6. Improving United States participation in the work of the organizations and programs of the United Nations system;
7. The Secretariat of the United Nations system.

Among the major recommendations in the President's report are the following:

—to press for strengthening of human rights procedures in the U.N.

—to assist, upon request from the Secretary General, with airlift of troops and equipment required for establishing a U.N. Peacekeeping Force authorized by the Security Council.

—to offer factual information from aircraft reconnaissance technology to the Security Council, when the parties to a dispute agree and under Security Council authorization.

—to explore the possibility of establishing a Special Peacekeeping Fund on the order of $100 million to help cover initial costs of operations authorized by the Security Council.

—to work for better coordination of the U.N. Technical Assistance activities by making the U.N. Development Program (UNDP) the major channel for U.S. voluntary contributions and helping to strengthen the UNDP's programing and coordinating role.

—to hold periodic meetings of the Security Council at the Foreign Minister level as part of a general effort to strengthen the role of the Security Council in the peaceful settlement of disputes.

—to foster greater use of the International Court of Justice by a variety of means, including reevaluating existing disputes to see whether they are appropriate to submit to the Court.

—to give substantially greater weight in our national policy to decisions arrived at by consensus in United Nations bodies.

—to support recent General Assembly plans to restructure and reform the economic and social functions of the U.N.

—to explore new ways of meeting the U.N. financial deficit and explore the possibility of supplementing U.N. finances from sources other than contributions of member governments.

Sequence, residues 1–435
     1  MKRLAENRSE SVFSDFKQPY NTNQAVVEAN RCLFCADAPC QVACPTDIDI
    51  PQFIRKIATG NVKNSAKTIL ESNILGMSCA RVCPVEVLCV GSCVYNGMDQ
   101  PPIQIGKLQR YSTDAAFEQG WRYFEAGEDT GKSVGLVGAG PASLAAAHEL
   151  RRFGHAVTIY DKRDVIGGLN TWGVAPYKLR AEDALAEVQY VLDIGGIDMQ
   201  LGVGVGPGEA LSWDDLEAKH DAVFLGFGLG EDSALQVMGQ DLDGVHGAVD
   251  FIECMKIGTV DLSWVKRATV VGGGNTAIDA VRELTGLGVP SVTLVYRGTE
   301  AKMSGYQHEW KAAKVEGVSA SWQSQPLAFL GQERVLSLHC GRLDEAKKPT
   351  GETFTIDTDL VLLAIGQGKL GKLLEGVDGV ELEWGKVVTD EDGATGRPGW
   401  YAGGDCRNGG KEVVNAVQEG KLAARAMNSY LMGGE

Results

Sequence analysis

On the subject of weighted voting, the President's report states, "There is no prospect for the adoption of a generally applicable weighted-voting system in the General Assembly." The report suggests that instead of trying to work for weighted voting, "it would be better to employ our efforts toward defining voluntary, but common standards to curtail the use of the veto in the Security Council and reduce the necessity of invoking it."

The report notes that, "If we are to develop adequate machinery for management of the world's common problems, a central concern of our foreign policy in the remaining years of this century must be the building of a more effective U.N. system. To this end, this administration is committed to working for a stronger and more effective United Nations."

In the context of consultations with Congress, the United States will proceed to discuss these proposals with other members of the United Nations and with Secretary General Waldheim and to seek their support.

The presentation of this report was pursuant to Section 503 of the Foreign Relations Authorization Act, Fiscal Year 1978 (Public Law 95-105 ).

Jimmy Carter, United Nations Letter to the Speaker of the House and the Chairman of the Senate Foreign Relations Committee Transmitting a Report. Online by Gerhard Peters and John T. Woolley, The American Presidency Project https://www.presidency.ucsb.edu/node/244577